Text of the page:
Beavers in parks and cattle in city centres: England’s rewilding councils
A quarter of England’s councils – rural and urban alike – are rewilding, or plan to do so soon. What does this mean for the country's landscapes?
It’s hard to look back sometimes, and to remember the grandeur that once cloaked the British Isles: the dripping rainforests, the roaming herds of herbivores, and the winding rivers filled with fish.
True wilderness hasn’t existed on these intensively farmed islands for thousands of years, of course, and there’s no getting it back now. But rewilding promises to return a sliver of it to the modern landscape: a path into the future inspired by the world that once was.
That’s the idea, anyway. In practice, rewilding has sometimes been a tough sell. While many people are excited by the possibilities of a wilder countryside, for others the idea is toxic; they see wildness as incompatible with the rich tapestries that generations of humans have since woven into the soil. In today’s storied landscapes, rewilding must grapple not only with ecological complexities but also the multiplicity of human needs, emotions and memories.
That’s why I was encouraged to find, in a recent investigation for Inkcap Journal, that more than a quarter of local councils in England are now rewilding, or have plans to do so in the future. This figure was the result of months of work, during which I quizzed every county and unitary authority in the country about how they defined rewilding and what it meant to them.
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I was surprised by my findings. So far, the rewilding movement in Britain has been propelled by the work of private landowners, like Charlie Burrell and Isabella Tree’s efforts at the Knepp Estate in West Sussex, or by NGO-driven projects, such as the Kent Wildlife Trust’s plans to introduce bison to a patch of ancient woodland near Canterbury. Since local councils rarely make the news when it comes to rewilding, I had assumed that there was probably no story, and that the concept had not yet filtered through the bureaucracy of local government.
In fact, my investigation showed that councils generally had a high level of awareness of rewilding and what it involves. Some saw it as an extension of traditional conservation – the creation of meadows and pollinator corridors, for instance – but others saw it as an opportunity to loosen the reins and let nature decide upon its own course: to let rivers re-wiggle into new shapes and allow forests to re-establish themselves from the seedbanks of existing trees.
Admittedly, most of the initiatives that the councils told me about were on a small scale or in the early stages: wolves are not about to oust the foxes of our city streets, nor primeval wildwood replace the flowerbeds of urban parks.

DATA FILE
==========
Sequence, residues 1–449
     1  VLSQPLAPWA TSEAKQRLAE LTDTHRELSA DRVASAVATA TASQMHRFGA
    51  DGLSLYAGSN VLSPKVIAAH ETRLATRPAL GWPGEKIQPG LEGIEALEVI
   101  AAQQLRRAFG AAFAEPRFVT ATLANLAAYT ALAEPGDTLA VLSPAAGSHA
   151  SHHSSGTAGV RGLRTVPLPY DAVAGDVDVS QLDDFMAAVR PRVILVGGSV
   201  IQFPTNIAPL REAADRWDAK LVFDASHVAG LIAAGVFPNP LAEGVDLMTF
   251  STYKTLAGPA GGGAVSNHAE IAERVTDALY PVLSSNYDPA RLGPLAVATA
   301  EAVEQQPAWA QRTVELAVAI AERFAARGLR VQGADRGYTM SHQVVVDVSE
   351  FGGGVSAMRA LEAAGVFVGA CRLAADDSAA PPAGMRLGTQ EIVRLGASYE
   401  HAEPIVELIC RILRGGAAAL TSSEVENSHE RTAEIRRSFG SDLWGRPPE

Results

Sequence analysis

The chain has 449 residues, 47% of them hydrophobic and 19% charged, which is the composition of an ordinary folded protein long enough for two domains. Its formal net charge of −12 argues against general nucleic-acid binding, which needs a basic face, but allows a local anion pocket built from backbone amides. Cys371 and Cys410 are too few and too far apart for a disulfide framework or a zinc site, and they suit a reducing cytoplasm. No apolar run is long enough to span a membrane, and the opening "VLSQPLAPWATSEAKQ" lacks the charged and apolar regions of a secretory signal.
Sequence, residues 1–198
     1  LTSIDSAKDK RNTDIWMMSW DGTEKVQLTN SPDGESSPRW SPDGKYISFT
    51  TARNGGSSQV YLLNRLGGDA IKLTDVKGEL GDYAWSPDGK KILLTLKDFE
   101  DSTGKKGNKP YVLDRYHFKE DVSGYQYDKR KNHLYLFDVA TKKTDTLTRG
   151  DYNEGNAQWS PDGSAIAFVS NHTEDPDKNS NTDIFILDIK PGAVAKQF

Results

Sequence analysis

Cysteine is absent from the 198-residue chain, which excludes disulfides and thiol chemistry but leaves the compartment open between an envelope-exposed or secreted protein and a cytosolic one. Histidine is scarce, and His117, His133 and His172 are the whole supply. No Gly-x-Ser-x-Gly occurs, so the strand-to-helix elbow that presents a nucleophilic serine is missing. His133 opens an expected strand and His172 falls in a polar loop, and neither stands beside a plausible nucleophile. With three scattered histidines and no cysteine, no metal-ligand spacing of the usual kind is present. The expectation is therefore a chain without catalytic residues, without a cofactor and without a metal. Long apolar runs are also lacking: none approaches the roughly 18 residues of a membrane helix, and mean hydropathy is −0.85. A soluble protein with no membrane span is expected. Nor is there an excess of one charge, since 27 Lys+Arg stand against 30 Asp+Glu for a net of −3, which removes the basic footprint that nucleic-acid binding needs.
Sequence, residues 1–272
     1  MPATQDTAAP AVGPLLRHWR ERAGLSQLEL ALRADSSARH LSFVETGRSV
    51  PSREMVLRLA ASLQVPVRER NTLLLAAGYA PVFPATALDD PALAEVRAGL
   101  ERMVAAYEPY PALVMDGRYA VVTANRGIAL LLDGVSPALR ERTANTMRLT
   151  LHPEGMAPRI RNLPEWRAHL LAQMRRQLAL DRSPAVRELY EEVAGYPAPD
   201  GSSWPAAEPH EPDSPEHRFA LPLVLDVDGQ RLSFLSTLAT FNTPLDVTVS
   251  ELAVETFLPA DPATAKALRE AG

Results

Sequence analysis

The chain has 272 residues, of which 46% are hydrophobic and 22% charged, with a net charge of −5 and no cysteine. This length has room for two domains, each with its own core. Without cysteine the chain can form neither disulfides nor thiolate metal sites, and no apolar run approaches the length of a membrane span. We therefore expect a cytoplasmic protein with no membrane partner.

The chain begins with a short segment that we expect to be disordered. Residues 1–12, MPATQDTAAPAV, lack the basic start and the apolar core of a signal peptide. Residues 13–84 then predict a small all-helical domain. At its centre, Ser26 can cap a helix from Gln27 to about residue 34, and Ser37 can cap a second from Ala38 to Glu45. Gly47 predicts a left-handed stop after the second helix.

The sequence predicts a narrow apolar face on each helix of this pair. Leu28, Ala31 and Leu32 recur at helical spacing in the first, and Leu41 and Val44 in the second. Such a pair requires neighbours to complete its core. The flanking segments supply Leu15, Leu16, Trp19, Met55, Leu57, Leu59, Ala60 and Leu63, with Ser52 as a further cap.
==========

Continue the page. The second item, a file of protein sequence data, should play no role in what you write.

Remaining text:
But what I found heartening was this acknowledgement that wildness could nonetheless find a place in the small pockets of our daily lives. It wasn’t just rural councils that had embraced wildness, but urban places, too. Leicester, for instance, has introduced a herd of longhorn cattle to a patch of meadow that sits between the football stadium and the shopping centre. “You wouldn’t believe it’s in the centre of the city,” one official told me.
For many people, these patches of nearby nature are at the heart of their relationship with the natural world. These are relationships based on familiarity rather than adventure, perhaps, but ones that nonetheless shape our outlook on nature as a whole and bring comfort in times of crisis. If these places become a little wilder, and a little less manicured, that can only be a good thing for both nature and ourselves.
In fact, a few councils explicitly referenced the benefits that rewilding could bring to local communities, particularly through helping people to reconnect with nature. For instance, Plymouth Council’s Green Minds project brings together community groups and social enterprises in nature-based projects, including the reintroduction of beavers into a local park.
Nature’s recovery will also depend on landscape-scale interventions. Some councils were targeting these kinds of actions, too: Bradford, for example, is blocking old drainage ditches and planting sphagnum moss to bring life back to Ilkley Moor – a move that it said would reduce flooding while improving air and water quality.
While large landowners can, to a certain extent, do what they like with their land, politicians have to keep one eye on their electorate; the scale of rewilding will depend on what the public wants. There’s a risk that this could curtail ambition, if the public proves overwhelmingly hostile to the idea, but it could also be an opportunity for meaningful public engagement. And that could be a major boost to restoring nature at large.
Because rewilding has a reputation problem: it is stereotyped as the hobby horse of Islington residents who want a say in the appearance of the Scottish Highlands.
But led by local councils, with the engagement of local communities, rewilding can become a way for residents to prove they are serious about transforming their own landscapes – the ones where they personally live and work – in a way that’s meaningful to them. The result might look different in Tower Hamlets to the Lake District, but that is the point. And so the tapestry of the landscape expands, wildness woven in and our human stories intact.
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